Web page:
None of these techniques has been proved to be safe or effective. The ASPS considers injecting fat into the penis of unproven benefit and unknown safety. Potential risks of these techniques include infection, loss of sensation in the skin, excessive bleeding and loss of penile function. While this may increase penis girth, the body can reabsorb the fat over time and cause an irregular contour to the penis. In one study, less than a third of the injected fat remained after one year following injection.
Surgery is risky, costly and unlikely to produce satisfactory resultsStudies have shown that the majority of men who undergo penis enlargement surgery aren't satisfied with the results. Surgery may at best add an average of half an inch to the length of the flaccid penis. Surgery may not add any length to the erect penis.
Following various types of cosmetic penile enhancement surgery, some men have had to undergo additional operations to correct deformities caused by the original procedure. The ill effects include scarring, a shorter penis, hair on the base of the penis, a low-hanging penis, loss of sensitivity and abnormal fat lumps. Other complaints include impotence (erectile dysfunction), urinary incontinence and persistent pain.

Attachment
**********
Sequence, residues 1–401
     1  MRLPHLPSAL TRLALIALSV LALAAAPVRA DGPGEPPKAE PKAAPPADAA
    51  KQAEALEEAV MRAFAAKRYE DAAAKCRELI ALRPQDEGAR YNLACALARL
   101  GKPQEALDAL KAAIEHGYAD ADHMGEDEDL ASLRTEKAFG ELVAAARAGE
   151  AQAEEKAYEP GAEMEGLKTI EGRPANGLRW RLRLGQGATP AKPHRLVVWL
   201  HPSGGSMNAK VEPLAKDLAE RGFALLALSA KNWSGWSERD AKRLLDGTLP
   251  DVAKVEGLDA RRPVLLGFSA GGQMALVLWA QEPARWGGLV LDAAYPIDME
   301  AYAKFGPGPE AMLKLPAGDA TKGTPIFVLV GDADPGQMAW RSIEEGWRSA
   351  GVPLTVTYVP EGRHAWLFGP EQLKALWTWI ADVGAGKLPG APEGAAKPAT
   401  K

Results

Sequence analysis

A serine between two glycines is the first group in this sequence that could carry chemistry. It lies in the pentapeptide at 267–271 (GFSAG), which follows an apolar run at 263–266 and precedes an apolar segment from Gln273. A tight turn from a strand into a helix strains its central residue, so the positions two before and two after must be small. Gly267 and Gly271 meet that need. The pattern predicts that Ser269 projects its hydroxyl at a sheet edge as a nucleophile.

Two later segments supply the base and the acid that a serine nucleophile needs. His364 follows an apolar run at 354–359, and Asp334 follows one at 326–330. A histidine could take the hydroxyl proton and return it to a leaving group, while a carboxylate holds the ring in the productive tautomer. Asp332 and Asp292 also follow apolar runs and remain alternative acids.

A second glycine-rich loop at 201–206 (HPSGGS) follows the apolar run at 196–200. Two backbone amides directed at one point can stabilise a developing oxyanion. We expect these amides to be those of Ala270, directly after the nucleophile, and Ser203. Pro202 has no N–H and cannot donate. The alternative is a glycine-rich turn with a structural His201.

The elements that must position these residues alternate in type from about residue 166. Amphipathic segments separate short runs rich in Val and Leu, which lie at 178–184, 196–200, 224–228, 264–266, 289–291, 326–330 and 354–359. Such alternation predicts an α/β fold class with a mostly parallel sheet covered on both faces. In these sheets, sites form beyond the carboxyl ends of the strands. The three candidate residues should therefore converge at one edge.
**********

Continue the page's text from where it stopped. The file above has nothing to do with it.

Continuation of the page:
Then there's the cost: as much as $10,000 for a typical penis-enlargement surgery that doesn't require additional corrective surgery. Because cosmetic surgery is seldom covered by insurance, you'll likely have to bear the entire expense.
When surgery may be an optionThere are procedures for reconstructing penises that have been amputated or damaged by circumcisions, animal bites, motor vehicle accidents and physical assaults, among other causes. A penis can be constructed in sex-change operations and to correct birth defects.
A few things that might help?While there is no safe, effective way to enlarge your penis, there are a few things you can do if you're concerned about your penis size:
The bottom lineMany men think they have a small penis, and increasing the size of their penis will make them a better lover or make them more attractive. But chances are your penis is within the normal size range — and even if it is smaller than average, it may not matter as much as you thought. Consider other options before you resort to time-consuming, expensive or dangerous techniques that will be minimally effective at best. The most effective solution may be as easy as open communication with your partner, talking with a professional counselor or enhancing yourself in other ways.